REVIEW: TRAINSPOTTING (Kings Head Theatre)
A fully immersive adaptation of Irvine Welsh’s shockingly grotesque Trainspotting… sound frighteningly intense? I assure you, the reality of this production is far worse.
Following a run at the Kings Head Theatre, and huge success at the Edinburgh Fringe Festival last year, this In Your Face Theatre and Kings Head Theatre collaborative production has picked up enough steam to head off on a UK tour. Luckily for us however, it is making a quick pit stop back at the Kings Head before doing so.
Prepare to be disgusted, abused, traumatised, offended, terrified, heartbroken, shouted at, aroused and above all completely enraptured. The experience starts as soon as you step into the theatre, or should I say rave. Immediately you are harassed by a gurning faced Scot trying to talk to you about anything and everything, and bustled to your seat by an equally spangled girl. You will sit wherever there is a decent space, there are only a few actual seats to be had, the rest will sit on the floor in various places around the room. In a very Brechtian way you are made to feel uncomfortable throughout. This also gives the highly effective impression of a squatter’s crack den. Don’t worry though, wherever you end up you definitely won’t miss out on any action.
Once everyone is in their seat and they give clearance we get Darude’s “Sandstorm” blaring out, to really get us in the mood. The ensuing seventy five minutes feature particular highlights from Welsh’s novel in immense style and ingenuity. Moments such as, the toilet in which Renton loses his suppositories, that has since become an iconic scene in the film adaptation, are remodeled with absolute genius here, ensuring a level of repulsion equal to that evoked in the film. Thanks to director Adam Spreadbury-Maher each scene is developed with so much finite detail, but somehow seems completely erratic, offering some truly riveting theatre. It must be said that the detail and energy in which these scenes are portrayed mean that relatively, not a great deal of the plot is covered. Coupled with the thick Scottish accents mean that it can, at times, be difficult to follow the narrative. However, this truly is by-the-by, there is so much to be absorbed by all the senses that you hardly feel left without.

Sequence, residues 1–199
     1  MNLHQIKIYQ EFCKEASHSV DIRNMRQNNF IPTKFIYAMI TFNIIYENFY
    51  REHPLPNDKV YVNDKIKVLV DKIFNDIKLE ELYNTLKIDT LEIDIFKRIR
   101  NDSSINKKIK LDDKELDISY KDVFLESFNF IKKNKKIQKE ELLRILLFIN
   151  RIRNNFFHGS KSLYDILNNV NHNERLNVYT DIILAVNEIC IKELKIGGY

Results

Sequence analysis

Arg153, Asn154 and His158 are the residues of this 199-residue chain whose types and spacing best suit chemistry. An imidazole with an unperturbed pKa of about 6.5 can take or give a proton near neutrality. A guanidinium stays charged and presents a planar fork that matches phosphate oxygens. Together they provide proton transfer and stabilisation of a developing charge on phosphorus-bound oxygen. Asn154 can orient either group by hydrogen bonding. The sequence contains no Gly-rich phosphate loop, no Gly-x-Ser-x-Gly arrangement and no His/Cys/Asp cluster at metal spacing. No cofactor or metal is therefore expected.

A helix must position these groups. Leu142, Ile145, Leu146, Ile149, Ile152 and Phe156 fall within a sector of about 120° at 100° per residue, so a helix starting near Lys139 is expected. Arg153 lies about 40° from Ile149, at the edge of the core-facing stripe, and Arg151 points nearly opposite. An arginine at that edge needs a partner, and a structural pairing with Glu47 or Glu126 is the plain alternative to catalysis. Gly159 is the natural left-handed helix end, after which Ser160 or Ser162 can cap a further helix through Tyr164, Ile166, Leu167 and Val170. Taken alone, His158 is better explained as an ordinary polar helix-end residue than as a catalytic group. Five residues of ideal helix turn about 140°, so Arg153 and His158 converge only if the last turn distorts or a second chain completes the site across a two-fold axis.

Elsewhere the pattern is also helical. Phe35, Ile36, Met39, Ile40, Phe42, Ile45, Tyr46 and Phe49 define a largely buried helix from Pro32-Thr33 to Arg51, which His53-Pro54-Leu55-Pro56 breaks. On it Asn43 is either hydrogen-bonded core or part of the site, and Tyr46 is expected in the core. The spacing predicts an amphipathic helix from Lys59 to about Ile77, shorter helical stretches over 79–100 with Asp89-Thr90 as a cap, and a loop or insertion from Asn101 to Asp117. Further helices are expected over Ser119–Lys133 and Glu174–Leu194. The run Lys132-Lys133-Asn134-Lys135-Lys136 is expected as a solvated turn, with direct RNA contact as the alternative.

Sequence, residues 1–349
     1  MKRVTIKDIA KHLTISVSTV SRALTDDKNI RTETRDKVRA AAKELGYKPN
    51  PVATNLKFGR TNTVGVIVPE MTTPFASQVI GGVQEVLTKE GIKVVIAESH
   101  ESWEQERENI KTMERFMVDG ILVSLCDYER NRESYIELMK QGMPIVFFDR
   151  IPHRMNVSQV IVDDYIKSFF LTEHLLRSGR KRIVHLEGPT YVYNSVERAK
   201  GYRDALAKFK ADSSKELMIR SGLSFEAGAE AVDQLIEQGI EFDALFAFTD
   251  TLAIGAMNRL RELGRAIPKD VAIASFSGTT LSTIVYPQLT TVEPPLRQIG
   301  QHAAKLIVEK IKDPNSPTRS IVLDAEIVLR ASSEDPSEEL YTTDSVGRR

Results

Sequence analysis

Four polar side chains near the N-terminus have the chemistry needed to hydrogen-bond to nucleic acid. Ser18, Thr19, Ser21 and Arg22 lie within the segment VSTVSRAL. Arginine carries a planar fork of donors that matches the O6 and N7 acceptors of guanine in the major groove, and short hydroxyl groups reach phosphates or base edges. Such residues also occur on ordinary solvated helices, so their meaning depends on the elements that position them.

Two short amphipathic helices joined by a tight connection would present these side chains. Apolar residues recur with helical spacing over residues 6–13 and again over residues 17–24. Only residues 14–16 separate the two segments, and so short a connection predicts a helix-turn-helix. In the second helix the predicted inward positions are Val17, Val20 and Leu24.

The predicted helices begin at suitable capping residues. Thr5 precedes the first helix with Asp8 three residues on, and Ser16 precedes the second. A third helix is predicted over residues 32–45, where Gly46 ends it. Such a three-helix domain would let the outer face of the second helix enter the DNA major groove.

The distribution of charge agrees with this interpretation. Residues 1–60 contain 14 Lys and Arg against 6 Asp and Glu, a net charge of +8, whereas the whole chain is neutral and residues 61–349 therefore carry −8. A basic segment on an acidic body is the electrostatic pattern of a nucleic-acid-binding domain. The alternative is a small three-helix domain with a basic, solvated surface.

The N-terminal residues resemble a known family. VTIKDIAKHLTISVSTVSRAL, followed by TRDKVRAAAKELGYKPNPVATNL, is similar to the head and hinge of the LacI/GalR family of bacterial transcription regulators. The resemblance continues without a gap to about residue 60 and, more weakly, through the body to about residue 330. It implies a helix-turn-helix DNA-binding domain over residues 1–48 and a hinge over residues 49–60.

Full credit to the entire cast who attack this show with relentless conviction, and some real, genuine performances. Special mention must however, go to Gavin Ross playing the lead skag ed’ Renton. Living up to Ewan McGregor’s performance was always going to be a huge undertaking, but Ross’ is incomparable, simply because he makes every inch of that character his own, and then rubs it right in everyone’s face without apology… Literally.
What’s so remarkable about this show is that, although it shares a name and story with such an iconic film, it is still a completely original interpretation. It stands with triumph as it’s own separate entity and captures the true essence of Welsh’s book masterfully.
P.s. Wear clothes you don’t mind getting a bit messy.
Reviewed by Bob Galereux
Photo: Christopher Tribble
Trainspotting is playing at the Kings Head Theatre until the 27th November. Get tickets here